Mother-Daughter Relationships

In Toni Morrison’s Beloved, the maternal bonds that connect Sethe to her children inhibit her own individuation and prevent the development of her Self. Sethe develops a dangerous maternal passion that results in the murder of one daughter, her own “best self,” and the estrangement of the surviving daughter from the black community, both in an attempt to salvage her “fantasy of the future,” her children, from a life in slavery. However, Sethe fails to recognize her daughter Denver’s need for interaction with this community in order to enter into womanhood. Denver finally succeeds at the end of the novel in establishing her own Self and embarking on her individuation with the help of Beloved. Contrary to Denver, Sethe only reaches individuation after Beloved’s exorcism, at which point Sethe can fully accept the first relationship that is completely “for her,” her relationship with Paul D. This relationship relieved Sethe from the ensuing destruction of her Self that resulted from the maternal bonds controlling her life. [Demetrakopoulos, Stephanie A. “Maternal Bonds as Devourers of Women’s Individuation in Toni Morrison’s Beloved.” African American Review, Vol. 25, No. 1. Indiana State University: Indiana, Spring 1992.)] Beloved and Sethe are both very much emotionally impaired as a result of Sethe’s previous enslavement. Slavery creates a situation where a mother is separated from her child, which has devastating consequences for both parties. Oftentimes, Mothers do not know themselves to be anything except a mother, so when they are unable to provide maternal care for their children, or their children are taken away from them, they feel a lost sense of self. Similarly, when a child is separated from his or her mother, he or she loses the familial identity associated with mother-child relationships. Sethe was never able to see her mother’s true face (because her smile was distorted from having spent too much time “with the bit”) so she wasn’t able to connect with her own mother, and therefore does not know how to connect to her own children, even though she longs to. Furthermore, the earliest needs a child has is related to the mother: the baby needs milk from the mother. Sethe is traumatized by the experience of having her milk stolen because it means she cannot form the symbolic bond between herself and her daughter. [ Schapiro, Barbara. “The Bonds of Love and the Boundaries of Self in Toni Morrison’s Beloved.” Contemporary Literature 32; 2. University of Wisconsin Press (1991). 194-210]

Psychological Implications of Slavery

Because of the painful nature of the experiences of slavery, most slaves repressed these memories in an attempt to leave behind a horrific past. This repression and dissociation from the past causes a fragmentation of the self and a loss of true identity. Sethe, Paul D., and Denver all experience this loss of self, which could only be remedied by the acceptance of the past and the memory of their original identities. In a way Beloved serves to open these characters up to their repressed memories, eventually causing the reintegration of their selves. [Koolish, Lynda. “‘To be Loved and Cry Shame’: A Psychological Reading of Toni Morrison’s Beloved.” MELUS 26:4 (2001): 169-195.)] Slavery splits a person into a fragmented figure. The identity, consisting of painful memories and unspeakable past, denied and kept at bay, becomes a ‘self that is no self.’ To heal and humanize, one must constitute it in a language, reorganize the painful events and retell the painful memories. As a result of suffering, the ‘self’, subject to a violent practice of making and unmaking, once acknowledged by an audience becomes real. Sethe, Paul D, and Baby Suggs who all fall short of such realization, are unable to ‘remake’ their ‘selves’ by trying to keep their pasts at bay. The 'self' is located in a word, defined by others. Paul D's identity shifts from a Sweet Home Man to a slave when the schoolteacher takes over the plantation. The power lies in the audience, or more precisely, in the word - once the word changes, so does the identity. All of the characters in Beloved face the challenge of an unmade 'self', composed of their 'rememories' and defined by perceptions and language. The barrier that keeps them from 'remaking' of the 'self' is the desire for an 'uncomplicated past' and the fear that remembering will lead them to 'a place they couldn't get back from'. [Baudreau, Kristen. "Pain and the Unmaking of Self in Toni Morrison's Beloved." Contemporary Literature 36 (1995): 447-465.]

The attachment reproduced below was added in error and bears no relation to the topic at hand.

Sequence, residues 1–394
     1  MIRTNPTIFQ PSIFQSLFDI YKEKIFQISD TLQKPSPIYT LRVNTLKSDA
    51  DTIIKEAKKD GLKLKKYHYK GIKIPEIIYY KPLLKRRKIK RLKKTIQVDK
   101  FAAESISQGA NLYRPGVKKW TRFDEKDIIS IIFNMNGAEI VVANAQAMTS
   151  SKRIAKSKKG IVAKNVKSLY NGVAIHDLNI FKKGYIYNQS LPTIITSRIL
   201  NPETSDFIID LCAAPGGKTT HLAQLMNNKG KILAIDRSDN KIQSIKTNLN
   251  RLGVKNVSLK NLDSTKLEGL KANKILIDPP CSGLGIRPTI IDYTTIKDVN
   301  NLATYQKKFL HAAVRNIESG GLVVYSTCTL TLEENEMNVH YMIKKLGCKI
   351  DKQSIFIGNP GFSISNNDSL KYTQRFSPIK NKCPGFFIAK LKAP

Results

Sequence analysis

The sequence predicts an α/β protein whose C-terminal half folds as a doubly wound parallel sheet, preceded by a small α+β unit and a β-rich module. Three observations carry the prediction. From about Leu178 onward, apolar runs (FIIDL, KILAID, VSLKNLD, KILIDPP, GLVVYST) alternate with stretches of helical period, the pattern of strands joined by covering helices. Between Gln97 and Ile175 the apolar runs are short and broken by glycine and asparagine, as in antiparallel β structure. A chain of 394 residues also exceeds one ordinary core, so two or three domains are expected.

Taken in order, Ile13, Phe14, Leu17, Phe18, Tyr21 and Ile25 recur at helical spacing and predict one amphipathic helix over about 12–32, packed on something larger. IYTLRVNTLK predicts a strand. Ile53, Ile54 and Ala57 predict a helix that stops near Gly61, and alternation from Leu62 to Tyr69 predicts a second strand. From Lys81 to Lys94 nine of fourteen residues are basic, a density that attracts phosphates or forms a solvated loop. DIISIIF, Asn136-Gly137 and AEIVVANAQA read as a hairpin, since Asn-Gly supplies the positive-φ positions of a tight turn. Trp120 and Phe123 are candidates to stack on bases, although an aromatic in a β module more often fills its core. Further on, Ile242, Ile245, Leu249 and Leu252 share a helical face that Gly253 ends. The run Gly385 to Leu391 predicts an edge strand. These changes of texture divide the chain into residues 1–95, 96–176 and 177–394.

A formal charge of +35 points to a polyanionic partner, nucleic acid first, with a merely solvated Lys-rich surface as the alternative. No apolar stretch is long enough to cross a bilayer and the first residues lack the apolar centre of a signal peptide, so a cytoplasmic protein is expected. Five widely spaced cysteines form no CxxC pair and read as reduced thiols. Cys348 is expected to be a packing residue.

Film adaptation

In 1998, the novel was made into a film directed by Jonathan Demme and produced by and starring Oprah Winfrey.


"Beloved" received the [ Frederic G. Melcher Book Award] , which is named for an editor of Publishers Weekly. In accepting the award on October 12, 1988, Morrison [ observed that] “there is no suitable memorial or plaque or wreath or wall or park or skyscraper lobby” honoring the memory of the human beings forced into slavery and brought to the United States. “There’s no small bench by the road,” she continued. “And because such a place doesn’t exist (that I know of), the book had to.” Inspired by her remarks, the Toni Morrison Society has now begun to install benches at significant sites in the history of slavery in America. The New York Times [ reported] July 28, 2008, that the first “bench by the road” was dedicated July 26 on Sullivan's Island, South Carolina, which served as the point of entry for approximately 40 percent of the enslaved Africans brought to this country.